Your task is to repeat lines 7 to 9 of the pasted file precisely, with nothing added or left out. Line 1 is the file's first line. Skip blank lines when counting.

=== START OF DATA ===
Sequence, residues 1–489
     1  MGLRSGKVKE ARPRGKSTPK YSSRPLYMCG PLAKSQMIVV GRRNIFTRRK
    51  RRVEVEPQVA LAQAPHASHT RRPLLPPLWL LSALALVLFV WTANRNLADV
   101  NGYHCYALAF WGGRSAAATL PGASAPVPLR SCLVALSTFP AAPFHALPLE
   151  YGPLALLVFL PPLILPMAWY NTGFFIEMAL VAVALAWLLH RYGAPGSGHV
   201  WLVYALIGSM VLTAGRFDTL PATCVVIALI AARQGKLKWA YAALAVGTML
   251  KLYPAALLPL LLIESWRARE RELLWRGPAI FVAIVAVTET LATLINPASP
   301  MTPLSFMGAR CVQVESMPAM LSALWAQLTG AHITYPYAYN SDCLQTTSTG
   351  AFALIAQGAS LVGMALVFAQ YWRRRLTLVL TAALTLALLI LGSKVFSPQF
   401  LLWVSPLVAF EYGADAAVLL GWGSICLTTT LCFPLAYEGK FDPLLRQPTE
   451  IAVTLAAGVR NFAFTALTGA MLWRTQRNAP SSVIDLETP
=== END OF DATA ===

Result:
   251  KLYPAALLPL LLIESWRARE RELLWRGPAI FVAIVAVTET LATLINPASP
   301  MTPLSFMGAR CVQVESMPAM LSALWAQLTG AHITYPYAYN SDCLQTTSTG
   351  AFALIAQGAS LVGMALVFAQ YWRRRLTLVL TAALTLALLI LGSKVFSPQF